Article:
'What Does Project ENABLE Mean to Me?'
Spectrum Volume 17 Issue 13 - November 17, 1994
(Note: This is the second of a series of articles designed to inform the university community about a major initiative that is an integral part of Virginia Tech's restructuring commitment and is currently under way within the university. Subsequent articles will focus on different aspects of Project ENABLE and provide progress reports as the project is implemented.)
The first article in this series described Project ENABLE's primary objective--to provide a multi-faceted response designed to address pressures being placed on higher education to improve productivity and increase accountability.
Project ENABLE focuses on Virginia Tech's administrative information systems as well as its paper-based processes. The goals of the project include enhancing the quality of services provided to the university community, increasing efficiency and productivity of the university's resources, and improving the collective work environment.
More specifically, the Project ENABLE initiative involves two aggressive undertakings. The first undertaking is a fast-tracked replacement of the university's major administrative computing systems with state-of-the-art, distributed computing systems. The second undertaking, concurrent and complementary to the first, is the redesign of the fundamental business processes underlying the administrative functions targeted for replacement computing systems.
Project ENABLE will touch everyone in the Virginia Tech community. As with any new experience, it is natural for people to be concerned and anxious about what is going to happen. Indeed, it is entirely appropriate for all of us to want an answer to the question "What does Project ENABLE mean to me?" So, what are the expectations for Project Enable?
Expectations that have been articulated for Project ENABLE are ambitious. Implementation of new administrative computing systems and redesigned business processes is expected to dramatically improve the quality of Virginia Tech's administrative services and minimize costs of these services. Several examples of anticipated improvements include:
* enabling students to register and pay bills more quickly and conveniently,
* allowing departments to enter directly many personnel, payroll, purchasing, accounting, and student-information transactions, and,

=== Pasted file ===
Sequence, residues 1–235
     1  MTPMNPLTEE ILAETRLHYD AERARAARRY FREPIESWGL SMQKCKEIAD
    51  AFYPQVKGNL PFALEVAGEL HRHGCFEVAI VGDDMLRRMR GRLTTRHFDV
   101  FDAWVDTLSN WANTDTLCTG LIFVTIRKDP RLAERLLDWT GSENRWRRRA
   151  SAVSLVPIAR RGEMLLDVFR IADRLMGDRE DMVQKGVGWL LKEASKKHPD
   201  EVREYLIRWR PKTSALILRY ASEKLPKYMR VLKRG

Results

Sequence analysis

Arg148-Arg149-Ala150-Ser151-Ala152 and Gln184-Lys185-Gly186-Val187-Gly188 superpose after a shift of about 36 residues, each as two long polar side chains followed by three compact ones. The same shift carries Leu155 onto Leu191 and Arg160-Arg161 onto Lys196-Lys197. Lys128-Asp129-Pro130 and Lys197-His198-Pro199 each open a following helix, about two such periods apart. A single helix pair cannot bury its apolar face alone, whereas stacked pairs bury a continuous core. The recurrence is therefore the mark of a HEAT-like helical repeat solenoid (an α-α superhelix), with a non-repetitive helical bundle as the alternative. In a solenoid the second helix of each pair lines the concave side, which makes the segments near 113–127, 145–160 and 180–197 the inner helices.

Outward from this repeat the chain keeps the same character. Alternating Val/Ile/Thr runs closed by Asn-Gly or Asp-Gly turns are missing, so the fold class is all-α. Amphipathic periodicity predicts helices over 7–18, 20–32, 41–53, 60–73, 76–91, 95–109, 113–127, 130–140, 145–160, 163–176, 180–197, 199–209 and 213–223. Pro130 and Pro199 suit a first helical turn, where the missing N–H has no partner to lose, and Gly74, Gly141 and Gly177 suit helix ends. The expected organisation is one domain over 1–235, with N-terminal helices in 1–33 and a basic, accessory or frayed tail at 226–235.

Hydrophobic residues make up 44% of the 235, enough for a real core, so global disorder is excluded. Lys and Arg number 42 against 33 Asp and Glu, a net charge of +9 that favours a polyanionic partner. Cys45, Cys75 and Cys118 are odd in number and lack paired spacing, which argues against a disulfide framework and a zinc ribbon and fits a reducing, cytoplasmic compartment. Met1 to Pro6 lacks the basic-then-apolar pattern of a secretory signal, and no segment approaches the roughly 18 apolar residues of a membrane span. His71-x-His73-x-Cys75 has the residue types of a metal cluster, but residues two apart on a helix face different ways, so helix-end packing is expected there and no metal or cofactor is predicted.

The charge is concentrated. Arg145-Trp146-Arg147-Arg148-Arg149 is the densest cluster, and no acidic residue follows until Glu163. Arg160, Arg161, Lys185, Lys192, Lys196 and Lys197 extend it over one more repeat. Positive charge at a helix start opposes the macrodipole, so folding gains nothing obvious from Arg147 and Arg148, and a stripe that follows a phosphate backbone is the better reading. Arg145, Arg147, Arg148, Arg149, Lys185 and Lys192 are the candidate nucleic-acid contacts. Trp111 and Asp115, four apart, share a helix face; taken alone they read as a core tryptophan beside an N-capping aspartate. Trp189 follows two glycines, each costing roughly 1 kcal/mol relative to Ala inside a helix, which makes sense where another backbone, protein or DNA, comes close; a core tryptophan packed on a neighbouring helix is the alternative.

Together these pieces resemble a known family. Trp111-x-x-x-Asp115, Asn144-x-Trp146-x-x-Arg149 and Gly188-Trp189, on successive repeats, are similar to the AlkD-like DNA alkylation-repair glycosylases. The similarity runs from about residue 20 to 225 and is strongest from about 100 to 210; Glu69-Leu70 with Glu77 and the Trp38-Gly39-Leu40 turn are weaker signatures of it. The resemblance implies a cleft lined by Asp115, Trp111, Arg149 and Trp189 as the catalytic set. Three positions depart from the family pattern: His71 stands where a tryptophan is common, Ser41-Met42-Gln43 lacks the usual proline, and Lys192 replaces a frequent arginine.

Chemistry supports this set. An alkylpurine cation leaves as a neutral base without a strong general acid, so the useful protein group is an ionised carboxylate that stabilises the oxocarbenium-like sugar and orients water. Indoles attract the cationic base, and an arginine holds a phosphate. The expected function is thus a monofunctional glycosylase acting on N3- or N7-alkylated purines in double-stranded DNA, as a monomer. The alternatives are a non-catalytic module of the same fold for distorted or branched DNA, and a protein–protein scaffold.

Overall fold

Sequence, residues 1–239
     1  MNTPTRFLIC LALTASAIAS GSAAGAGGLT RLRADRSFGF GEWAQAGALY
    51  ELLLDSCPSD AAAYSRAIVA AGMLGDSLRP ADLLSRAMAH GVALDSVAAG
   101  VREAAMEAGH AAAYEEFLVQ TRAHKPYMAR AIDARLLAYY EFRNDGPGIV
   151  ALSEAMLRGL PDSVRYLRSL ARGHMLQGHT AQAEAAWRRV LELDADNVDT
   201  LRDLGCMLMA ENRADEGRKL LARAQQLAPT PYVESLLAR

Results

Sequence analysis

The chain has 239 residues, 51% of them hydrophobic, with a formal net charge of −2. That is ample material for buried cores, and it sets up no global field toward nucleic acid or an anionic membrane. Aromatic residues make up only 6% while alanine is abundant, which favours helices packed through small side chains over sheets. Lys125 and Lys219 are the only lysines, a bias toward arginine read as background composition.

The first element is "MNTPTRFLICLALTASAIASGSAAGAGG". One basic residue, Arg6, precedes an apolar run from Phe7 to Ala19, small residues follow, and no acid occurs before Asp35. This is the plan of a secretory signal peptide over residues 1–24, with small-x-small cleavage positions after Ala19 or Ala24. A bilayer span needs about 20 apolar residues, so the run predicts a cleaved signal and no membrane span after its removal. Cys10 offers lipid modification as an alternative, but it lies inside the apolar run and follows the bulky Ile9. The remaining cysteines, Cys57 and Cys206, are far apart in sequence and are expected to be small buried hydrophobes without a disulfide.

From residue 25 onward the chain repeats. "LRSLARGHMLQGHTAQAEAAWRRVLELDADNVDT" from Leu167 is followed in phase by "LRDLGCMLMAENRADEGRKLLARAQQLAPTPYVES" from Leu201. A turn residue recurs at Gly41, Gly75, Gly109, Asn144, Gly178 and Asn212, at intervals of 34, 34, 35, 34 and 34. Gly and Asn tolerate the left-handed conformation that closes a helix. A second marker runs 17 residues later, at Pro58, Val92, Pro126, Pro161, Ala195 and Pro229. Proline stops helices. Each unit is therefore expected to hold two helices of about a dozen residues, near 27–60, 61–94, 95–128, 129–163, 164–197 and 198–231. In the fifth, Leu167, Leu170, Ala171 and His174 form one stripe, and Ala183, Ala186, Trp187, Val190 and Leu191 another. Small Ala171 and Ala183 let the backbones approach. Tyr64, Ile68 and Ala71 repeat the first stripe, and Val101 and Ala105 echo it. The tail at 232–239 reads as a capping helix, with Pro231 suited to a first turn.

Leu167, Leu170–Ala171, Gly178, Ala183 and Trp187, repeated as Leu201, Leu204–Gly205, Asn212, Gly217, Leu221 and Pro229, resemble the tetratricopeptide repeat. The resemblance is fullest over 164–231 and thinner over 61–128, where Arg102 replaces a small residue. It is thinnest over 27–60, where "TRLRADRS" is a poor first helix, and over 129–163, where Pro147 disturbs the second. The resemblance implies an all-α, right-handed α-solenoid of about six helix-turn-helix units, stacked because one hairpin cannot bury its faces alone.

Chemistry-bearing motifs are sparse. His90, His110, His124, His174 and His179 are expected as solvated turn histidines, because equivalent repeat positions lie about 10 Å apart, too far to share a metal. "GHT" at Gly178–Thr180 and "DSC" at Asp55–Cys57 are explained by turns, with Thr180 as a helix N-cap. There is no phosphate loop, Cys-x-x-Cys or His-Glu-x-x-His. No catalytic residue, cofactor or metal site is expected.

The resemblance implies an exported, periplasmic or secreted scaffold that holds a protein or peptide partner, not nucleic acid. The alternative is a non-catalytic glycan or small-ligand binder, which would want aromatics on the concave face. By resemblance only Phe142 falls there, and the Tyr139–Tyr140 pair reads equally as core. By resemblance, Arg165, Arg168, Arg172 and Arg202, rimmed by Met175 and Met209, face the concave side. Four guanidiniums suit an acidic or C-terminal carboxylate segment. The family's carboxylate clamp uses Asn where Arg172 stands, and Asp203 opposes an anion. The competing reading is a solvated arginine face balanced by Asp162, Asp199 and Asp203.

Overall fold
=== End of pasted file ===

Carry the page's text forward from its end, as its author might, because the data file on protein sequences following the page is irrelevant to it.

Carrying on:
* dramatically increasing computing capabilities at the desktop--information users will be able to more easily interface their personal computing work tools (e.g., spreadsheets, accounting systems, report-writers, etc.) to university databases.
What do these expectations really mean to each of us individually? How will they affect us personally? For one thing, we will all experience change--lots of it. As all of us participate in restructuring Virginia Tech, we will see dramatic changes in the way we work, in the tools we use, and in the way we provide and access services.
Technological advances and process redesign will make it possible to replace convoluted, time-consuming, frustrating processes with streamlined, efficient, effective systems.
The degree of success in restructuring Virginia Tech will be a function of the level of cooperation and support of every member of the Virginia Tech community. Consequently, the need for all of us to be involved will be intense during the course of Project Enable. Whether it be direct involvement as a cooperative member of a Project ENABLE team, or indirect involvement by providing moral support and demonstrating patience, involvement will be an ongoing facet of the Project ENABLE endeavor.
Undoubtedly, all of this change, support, cooperation, patience, and involvement will be demanding. It will probably even be frustrating at times. Change--adjusting to new ways--is always difficult and challenging.
However, the final thing we should all anticipate from Project ENABLE is that streamlined processes and state-of-the-art computing technology will create an environment characterized by dramatic improvement. Not only will the quality and quantity of services provided to the university community be enhanced, the quality of the work environment itself will be improved.
There should be relief to the overpowering workloads that have been common during the past several years. Work processes will be integrated and coordinated, which should result in closer, more cooperative and positive interpersonal working relationships for all of us. And, because of the ability to provide high-quality, efficient service, there will be the opportunity for each of us to enjoy the satisfaction of "doing the best job possible." After all, that is what Project ENABLE is all about: enabling Virginia Tech--and all of its people--to be its best!
(The next installment in this series of articles will summarize the distributed computing (client-server) environment and ideas behind business process redesign that will be used in Project ENABLE.)
Additional information and news about Project ENABLE are currently available electronically by accessing, through MOSAIC, the Virginia Tech Home Page. To do so, under the file menu, open URL (http://www.vt.edu). The VT Home Page will come up. Select "University Initiatives," then select "Project ENABLE: the Administrative Systems Initiative." This will bring you to the Project Enable Home Page.